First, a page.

6. Aachen Cathedral
Aachen Cathedral on Germany’s western border with Belgium and the Netherlands is an extraordinary mix of Carolingian and Gothic architecture. Constructed by King Charlemagne himself and hosting multiple coronations ceremonies through time, Aachen Cathedral holds an indelible place in German and European history alike.
This cathedral features an octagonal choir and ornate windows inspired by Sainte-Chapelle in Paris; it was also the first site in Germany to be designated a UNESCO World Heritage Site.
The Harz Mountains are Germany’s highest mountain range and provide breathtaking views of Alpine peaks, lakes, and villages in their vicinity. You can even take an unforgettable cruise along Lake Constance to witness this breathtaking view from another perspective! Known for their picturesque half-timbered houses and Alpine foliage – Quedlinburg village serves as an outstanding example – they even served as inspiration for Beauty and the Beast movie director Disney!
7. Berlin’s Brandenburg Gate
Like its Washington Monument and Shoe counterparts, Berlin’s Brandenburg Gate stands as a breathtaking icon that symbolizes its history. Situated at Pariser Platz – an exquisite public square that has been converted to pedestrian use – this breathtaking structure can only be appreciated in person.
The Brandenburg Gate’s massive size and beauty make it one of Germany’s premier tourist attractions. Its iconic structure includes a statue of Minerva, goddess of war and peace; as well as two temple-looking side buildings.
Sanssouci, Frederick the Great’s summer palace in Berlin’s suburbs, can also leave you amazed. This gorgeous estate often compared to France’s Versailles features an exquisite flower garden and numerous greenhouses; inside are Baroque furnishings while its surrounding park has over 3,000 fruit trees and hedges for an amazing experience! Visiting this incredible destination will surely leave you speechless!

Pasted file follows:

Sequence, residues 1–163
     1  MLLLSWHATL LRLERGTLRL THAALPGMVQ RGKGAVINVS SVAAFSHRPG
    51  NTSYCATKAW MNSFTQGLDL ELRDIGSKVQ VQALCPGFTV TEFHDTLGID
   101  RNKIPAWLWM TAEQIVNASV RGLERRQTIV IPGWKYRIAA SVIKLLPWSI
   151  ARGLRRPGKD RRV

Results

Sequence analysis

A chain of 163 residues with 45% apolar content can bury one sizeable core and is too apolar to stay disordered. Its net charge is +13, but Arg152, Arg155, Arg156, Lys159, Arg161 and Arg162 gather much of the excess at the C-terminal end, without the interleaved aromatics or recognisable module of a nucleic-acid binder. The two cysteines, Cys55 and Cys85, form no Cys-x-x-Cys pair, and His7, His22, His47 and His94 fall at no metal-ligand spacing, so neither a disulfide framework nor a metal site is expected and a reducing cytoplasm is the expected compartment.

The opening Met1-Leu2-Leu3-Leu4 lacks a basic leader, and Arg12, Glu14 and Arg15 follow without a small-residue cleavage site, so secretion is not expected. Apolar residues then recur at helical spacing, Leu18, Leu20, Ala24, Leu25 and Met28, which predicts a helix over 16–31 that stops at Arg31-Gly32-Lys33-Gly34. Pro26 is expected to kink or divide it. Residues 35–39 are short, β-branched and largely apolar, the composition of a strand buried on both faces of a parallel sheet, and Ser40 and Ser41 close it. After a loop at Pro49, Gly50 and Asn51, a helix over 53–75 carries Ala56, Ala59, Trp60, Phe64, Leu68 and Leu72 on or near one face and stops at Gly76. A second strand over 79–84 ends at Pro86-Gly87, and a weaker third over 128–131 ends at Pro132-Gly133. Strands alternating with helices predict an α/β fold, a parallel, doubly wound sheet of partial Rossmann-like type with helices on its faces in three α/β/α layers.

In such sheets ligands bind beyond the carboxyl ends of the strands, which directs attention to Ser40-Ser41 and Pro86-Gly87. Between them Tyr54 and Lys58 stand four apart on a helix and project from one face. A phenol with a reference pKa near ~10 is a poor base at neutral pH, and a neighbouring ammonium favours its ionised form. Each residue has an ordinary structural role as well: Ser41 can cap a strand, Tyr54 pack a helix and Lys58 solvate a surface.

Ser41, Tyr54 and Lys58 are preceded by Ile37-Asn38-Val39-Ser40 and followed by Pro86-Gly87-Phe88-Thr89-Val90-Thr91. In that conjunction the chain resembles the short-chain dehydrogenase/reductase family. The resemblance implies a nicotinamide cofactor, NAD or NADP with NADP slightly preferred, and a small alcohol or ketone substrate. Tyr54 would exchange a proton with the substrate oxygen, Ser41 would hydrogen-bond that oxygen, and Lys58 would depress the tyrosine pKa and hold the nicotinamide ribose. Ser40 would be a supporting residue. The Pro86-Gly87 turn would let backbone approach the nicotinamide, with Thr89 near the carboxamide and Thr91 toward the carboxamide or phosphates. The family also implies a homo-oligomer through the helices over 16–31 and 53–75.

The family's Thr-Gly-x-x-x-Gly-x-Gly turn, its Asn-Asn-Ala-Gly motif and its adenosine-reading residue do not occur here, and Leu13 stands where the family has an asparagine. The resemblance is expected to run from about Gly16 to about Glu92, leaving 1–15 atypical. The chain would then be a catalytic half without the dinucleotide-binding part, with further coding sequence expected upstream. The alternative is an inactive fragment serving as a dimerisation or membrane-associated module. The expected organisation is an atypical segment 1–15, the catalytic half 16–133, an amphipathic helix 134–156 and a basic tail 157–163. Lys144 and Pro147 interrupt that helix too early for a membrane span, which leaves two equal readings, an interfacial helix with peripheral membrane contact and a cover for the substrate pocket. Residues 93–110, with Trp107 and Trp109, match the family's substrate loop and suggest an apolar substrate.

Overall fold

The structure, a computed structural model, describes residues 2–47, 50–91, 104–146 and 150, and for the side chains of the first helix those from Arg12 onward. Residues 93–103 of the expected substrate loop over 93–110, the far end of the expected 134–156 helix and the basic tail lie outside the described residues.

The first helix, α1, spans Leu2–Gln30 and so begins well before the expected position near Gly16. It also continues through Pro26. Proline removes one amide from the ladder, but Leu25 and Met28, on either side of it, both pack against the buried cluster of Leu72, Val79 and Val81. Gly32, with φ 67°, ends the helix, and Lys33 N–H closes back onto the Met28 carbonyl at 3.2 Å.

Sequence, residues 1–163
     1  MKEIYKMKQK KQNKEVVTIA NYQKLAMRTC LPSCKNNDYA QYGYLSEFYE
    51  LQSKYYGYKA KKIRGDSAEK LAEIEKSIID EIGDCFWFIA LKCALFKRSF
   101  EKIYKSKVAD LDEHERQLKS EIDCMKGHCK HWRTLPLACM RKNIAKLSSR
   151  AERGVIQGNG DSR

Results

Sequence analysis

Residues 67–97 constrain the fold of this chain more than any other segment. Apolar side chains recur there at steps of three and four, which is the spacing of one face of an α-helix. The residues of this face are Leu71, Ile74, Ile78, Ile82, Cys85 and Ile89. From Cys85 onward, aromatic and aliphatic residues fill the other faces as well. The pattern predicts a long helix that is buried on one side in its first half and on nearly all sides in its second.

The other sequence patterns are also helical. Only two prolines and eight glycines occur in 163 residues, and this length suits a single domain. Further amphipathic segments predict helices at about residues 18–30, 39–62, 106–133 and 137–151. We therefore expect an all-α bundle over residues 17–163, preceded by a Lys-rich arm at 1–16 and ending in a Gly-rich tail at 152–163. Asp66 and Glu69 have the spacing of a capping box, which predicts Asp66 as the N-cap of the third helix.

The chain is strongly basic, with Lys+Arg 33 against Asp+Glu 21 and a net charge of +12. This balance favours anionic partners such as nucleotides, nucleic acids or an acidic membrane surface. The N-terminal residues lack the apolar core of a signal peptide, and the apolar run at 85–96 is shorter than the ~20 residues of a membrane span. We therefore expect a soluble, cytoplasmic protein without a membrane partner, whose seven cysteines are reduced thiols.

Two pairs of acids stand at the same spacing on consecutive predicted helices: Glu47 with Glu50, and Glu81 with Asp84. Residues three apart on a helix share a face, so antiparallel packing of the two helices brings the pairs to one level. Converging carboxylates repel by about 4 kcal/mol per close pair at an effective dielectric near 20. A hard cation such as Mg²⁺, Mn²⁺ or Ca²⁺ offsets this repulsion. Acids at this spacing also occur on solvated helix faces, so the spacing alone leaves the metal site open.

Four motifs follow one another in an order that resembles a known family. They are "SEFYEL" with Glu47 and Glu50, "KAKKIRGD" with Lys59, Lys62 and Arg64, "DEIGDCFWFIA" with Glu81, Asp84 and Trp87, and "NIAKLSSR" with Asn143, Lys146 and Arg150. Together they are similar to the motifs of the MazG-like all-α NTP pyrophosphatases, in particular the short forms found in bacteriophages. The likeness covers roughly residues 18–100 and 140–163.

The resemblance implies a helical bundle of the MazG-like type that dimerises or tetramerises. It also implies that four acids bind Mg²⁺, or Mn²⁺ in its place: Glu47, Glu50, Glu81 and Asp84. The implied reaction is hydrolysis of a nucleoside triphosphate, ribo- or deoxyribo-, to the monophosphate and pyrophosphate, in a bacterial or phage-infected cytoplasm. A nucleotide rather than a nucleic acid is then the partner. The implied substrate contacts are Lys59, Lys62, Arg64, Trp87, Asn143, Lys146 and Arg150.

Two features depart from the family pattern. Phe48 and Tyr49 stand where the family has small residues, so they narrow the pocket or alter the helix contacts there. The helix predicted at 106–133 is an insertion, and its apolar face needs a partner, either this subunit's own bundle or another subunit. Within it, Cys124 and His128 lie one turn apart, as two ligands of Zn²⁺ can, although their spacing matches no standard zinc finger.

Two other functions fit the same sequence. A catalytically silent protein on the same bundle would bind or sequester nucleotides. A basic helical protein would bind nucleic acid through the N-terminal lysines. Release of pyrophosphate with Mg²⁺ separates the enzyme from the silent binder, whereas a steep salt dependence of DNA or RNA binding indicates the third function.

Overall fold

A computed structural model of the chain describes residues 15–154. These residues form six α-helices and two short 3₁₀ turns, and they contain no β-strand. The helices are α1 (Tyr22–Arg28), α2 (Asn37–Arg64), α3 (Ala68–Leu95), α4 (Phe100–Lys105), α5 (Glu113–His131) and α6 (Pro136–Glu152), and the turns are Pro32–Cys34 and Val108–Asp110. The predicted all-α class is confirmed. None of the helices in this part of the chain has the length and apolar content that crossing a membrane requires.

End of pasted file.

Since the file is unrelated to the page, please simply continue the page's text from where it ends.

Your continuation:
8. Berlin’s Museumsinsel
Museum Island on Spree Island is an internationally recognized UNESCO heritage site and boasts five world-class museums: Altes Museum showcases Greek and Etruscan antiquities, Neues Museum offers Egyptian collections including Nefertiti’s bust, while Pergamon houses an impressive Ishtar Gate from Babylon.
Brandenburg Gate is one of Germany’s most iconic landmarks. Situated at the heart of Berlin, this famous gate stood as a reminder of division until the wall fell and now serves as a celebration of German unification.
Rothenburg ob der Tauber is an exquisite example of a medieval German village, boasting strict heritage protection to reveal winding cobbled lanes and revered churches. Additionally, this charming town hosts special exhibits at Reichsstadtmuseum and Alt-Rothenburger Handwerkerhaus that display local treasures from this historical town.
9. Cologne’s Cologne Cathedral
Cologne Cathedral is an outstanding example of High Gothic architecture and an UNESCO World Heritage Site, housing treasures such as the Gero Cross, which is one of the oldest large-scale wooden sculptures north of the Alps; choir stalls from 13th-century carving; and triptychs by Stefan Lochner dating from 14th century.
Visitor can also ascend the South Tower for breathtaking views of the city, and ascend its 533 steps for spectacular cityscape vistas! The views at the top make every step worthwhile!
The cathedral’s treasury, opened in 2000, is another draw. Here you’ll find works in gold and silver as well as the beautiful Sarcophagus of Magi (Gilded and Jewelled Sarcophagus of Magi), housing bones from Magi who followed the Star of Bethlehem to Bethlehem stable. Visiting here should be included on any Germany tour itinerary.
Dachau Concentration Camp should not be missed by history lovers as a vital reminder of Nazism’s horrific acts, while acting to ensure its repetition does not happen again.
Here, prisoners gathered for roll call, while at the end of the memorial site stands an urn bearing the names of those who have perished – an experience which should not be missed by visitors to Germany.
The Rhine River runs through Cologne and visitors can appreciate its beauty from various viewpoints – be it from Cathedral towers or by taking a boat tour – as it flows by. Also popular as a tourist destination are old warehouses turned museums, restaurants and cafes in Speicherstadt district; in addition to Miniatur Wunderland (world’s largest model railway).